“The Right Stuff”: Rawhide’s President Reflects on Meeting Astronaut John Glenn

Astronaut Glenn

“The Right Stuff”: John Glenn Passes Away at Age 95

Astronaut Glenn

John Glenn on the cover of Time Magazine in March, 1962.

American hero, statesman, veteran, and fellow pilot passed away in Columbus, Ohio this past Thursday following a brief hospital stay. All of the news feeds offer highlights of Senator Glenn’s life and illustrious career.

 

I had met the senator and spoke with him at a pilot seminar at the Columbus Airport. We were in a class together conducted by BPPP (Bonanza Pilot Proficiency Program), a continuing education program for pilots flying Beechcraft airplanes.

 

Everyone arrived on a Thursday evening and attended classes/seminars Friday, Saturday, and Sunday. Flight training and tests are part of the schedule, as is Friday evening dinner. John Glenn was the keynote speaker. He talked about those early days with deep conviction along with a little levity. His only political message was to “Exercise your right and get out there and vote”.

 

After his presentation, the flight instructors were introduced and paired with the students they would be flying with. Of course, when the instructor who was assigned to Senator Glenn stood up, he teased the astronaut, asking, “Who will be training whom”, and playfully goaded that he’ll have Senator Glenn fly the approach inverted, upside down! The room, of course, erupted into laughter.

 

First timers, like me, were scheduled to fly on Sunday. While the others flew on Saturday, us newbies attended classes and seminars. On a mid-morning break I ventured outside for some fresh air, as it was early May in Ohio and a particularly nice day. Outside the front door and under the awning was Senator Glenn himself, relaxing, legs crossed, one arm on the backrest.

 

“Good morning Senator, how was your flight?” I asked as I approached him.

“Outstanding,” Senator Glenn responded.

I just had to ask, “Did he make you fly your practice approach inverted?”

Senator Glenn confidently met me square in my eyes and calmly replied, “No, but I could have.”

Not wanting to consume all of his time I tried to leave him in his solitude, but he stopped me before I could turn to go. “Young man, sit with me and tell me what you fly,” he said, warmly. I’ll never forget it.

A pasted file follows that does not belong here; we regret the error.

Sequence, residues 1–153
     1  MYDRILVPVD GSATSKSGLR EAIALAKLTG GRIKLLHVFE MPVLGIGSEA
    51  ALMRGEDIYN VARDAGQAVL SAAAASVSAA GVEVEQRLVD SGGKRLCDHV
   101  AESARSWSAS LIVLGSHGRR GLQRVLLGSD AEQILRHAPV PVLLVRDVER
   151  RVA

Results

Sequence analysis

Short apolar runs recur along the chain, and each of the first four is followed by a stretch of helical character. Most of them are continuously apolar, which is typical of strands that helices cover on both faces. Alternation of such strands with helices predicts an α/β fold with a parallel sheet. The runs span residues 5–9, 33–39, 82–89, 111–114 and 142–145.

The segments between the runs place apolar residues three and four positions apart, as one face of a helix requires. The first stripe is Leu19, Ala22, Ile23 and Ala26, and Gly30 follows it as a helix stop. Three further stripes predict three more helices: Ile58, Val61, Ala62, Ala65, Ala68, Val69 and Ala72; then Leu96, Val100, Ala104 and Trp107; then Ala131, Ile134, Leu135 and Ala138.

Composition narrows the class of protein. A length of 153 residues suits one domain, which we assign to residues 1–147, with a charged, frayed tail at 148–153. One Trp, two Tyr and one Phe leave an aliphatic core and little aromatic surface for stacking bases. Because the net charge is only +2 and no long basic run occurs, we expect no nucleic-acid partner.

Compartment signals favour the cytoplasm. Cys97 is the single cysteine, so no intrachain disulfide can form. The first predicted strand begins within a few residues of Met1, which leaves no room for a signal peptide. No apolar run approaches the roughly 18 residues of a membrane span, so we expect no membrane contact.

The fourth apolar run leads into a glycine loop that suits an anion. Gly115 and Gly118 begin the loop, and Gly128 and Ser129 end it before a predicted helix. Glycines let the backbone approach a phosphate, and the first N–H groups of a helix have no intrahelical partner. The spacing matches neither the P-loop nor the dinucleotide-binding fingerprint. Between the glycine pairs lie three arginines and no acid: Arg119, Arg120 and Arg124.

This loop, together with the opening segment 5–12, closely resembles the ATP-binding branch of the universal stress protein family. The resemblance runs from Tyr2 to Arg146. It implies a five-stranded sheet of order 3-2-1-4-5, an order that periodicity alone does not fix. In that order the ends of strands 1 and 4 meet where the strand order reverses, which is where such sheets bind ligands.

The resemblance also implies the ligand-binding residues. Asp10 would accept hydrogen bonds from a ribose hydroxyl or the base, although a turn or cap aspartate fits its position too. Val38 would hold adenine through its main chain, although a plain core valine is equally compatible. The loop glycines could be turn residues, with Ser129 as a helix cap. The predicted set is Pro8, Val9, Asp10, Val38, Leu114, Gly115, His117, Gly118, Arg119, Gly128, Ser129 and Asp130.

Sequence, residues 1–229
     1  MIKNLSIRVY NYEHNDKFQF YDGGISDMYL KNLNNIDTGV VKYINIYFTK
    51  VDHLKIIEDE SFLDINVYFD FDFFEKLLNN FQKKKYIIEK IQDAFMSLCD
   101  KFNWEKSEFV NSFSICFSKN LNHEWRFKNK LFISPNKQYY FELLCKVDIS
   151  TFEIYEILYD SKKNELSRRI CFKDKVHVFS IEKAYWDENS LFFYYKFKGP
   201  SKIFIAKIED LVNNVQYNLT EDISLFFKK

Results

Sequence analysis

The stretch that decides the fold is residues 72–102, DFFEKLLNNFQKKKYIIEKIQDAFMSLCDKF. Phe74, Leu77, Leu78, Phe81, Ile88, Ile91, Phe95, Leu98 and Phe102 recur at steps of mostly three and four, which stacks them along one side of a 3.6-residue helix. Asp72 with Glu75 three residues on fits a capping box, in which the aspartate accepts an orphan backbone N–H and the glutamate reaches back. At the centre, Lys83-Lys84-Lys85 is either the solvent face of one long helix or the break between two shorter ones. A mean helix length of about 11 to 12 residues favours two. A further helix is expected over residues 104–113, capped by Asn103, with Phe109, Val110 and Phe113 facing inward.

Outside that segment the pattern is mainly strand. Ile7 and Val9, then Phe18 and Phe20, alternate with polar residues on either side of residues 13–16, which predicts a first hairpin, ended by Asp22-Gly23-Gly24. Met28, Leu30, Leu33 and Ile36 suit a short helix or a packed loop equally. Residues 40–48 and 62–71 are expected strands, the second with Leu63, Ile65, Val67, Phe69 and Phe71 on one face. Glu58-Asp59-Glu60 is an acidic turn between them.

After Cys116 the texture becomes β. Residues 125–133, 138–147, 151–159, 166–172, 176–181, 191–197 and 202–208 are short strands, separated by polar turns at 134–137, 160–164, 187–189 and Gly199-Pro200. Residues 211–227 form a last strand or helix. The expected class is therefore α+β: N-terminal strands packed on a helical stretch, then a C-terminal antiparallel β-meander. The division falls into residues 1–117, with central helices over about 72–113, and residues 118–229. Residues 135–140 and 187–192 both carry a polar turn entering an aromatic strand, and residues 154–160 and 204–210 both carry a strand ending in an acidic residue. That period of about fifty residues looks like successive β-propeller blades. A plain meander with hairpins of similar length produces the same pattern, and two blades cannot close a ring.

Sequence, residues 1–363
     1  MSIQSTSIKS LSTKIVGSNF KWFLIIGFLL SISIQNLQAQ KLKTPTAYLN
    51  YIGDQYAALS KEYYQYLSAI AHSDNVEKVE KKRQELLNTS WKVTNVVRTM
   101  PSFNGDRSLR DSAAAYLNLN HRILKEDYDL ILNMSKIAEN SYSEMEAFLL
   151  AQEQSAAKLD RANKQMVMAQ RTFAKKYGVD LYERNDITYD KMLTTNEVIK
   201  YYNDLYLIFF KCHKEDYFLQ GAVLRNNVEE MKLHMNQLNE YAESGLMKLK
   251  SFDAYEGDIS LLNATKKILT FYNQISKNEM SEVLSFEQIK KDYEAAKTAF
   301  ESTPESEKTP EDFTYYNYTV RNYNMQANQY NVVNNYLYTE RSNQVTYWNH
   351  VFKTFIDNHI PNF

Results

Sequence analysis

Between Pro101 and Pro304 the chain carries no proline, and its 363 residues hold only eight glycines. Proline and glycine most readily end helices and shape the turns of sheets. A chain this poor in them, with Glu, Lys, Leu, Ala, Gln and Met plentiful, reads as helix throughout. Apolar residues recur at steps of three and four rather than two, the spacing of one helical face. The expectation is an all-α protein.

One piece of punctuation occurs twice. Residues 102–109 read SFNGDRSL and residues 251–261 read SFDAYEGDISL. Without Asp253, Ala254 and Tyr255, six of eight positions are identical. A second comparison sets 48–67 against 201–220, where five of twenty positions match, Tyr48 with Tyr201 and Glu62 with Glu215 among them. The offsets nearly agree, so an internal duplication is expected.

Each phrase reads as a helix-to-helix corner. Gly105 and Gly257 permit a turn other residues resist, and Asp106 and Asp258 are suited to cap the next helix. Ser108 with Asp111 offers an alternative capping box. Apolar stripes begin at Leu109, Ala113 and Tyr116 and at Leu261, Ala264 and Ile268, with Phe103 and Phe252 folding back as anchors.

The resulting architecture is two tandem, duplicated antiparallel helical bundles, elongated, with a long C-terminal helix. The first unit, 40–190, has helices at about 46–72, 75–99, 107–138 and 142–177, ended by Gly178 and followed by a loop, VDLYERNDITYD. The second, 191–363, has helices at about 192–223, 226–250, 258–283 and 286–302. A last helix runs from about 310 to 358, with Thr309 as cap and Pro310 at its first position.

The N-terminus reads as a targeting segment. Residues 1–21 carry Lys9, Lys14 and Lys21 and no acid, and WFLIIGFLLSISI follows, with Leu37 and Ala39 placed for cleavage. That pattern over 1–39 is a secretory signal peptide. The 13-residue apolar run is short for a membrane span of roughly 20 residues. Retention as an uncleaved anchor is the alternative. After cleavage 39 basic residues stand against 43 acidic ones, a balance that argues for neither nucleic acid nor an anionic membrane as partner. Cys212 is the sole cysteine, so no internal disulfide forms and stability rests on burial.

We talked for the better part of 20 minutes, while he was waiting for his wife, Annie to pick him up. I know that I asked him questions that he’d been asked countless times before, yet he answered as if it was the first time. There we were, just talking.

 

It crossed my mind to ask for a picture, as he had done with anyone there who asked. I did not want to ruin my moment with him. Although I have the picture in my mind and will have for years to come, a part of me regrets not getting that picture. Whenever I tell this story to someone and my wife is present, she lets me have it for NOT getting a picture. She may be right. I’ll always remember my time with our American Hero, Senator, and Astronaut John Glenn, the last of the original Mercury 7 and a man I think of as having “the right stuff”.

About The Author: Keith Eriksen

Keith has been the president of Rawhide Fire Hose for nearly 20 years. He is a member of the Wooster Township Fire Department and serves with the Wayne County Underwater Search and Rescue unit. He has extensive knowledge of valves and hydraulics from years of experience in the oil and natural gas production business.In addition to being an avid scuba diver with master diver endorsements he is also an instrument rated private pilot, certified for high performance and complex aircraft.He enjoys landscape and gardening work, gourmet cooking, spending time with his (grown) children and traveling with his wife, Vicki.

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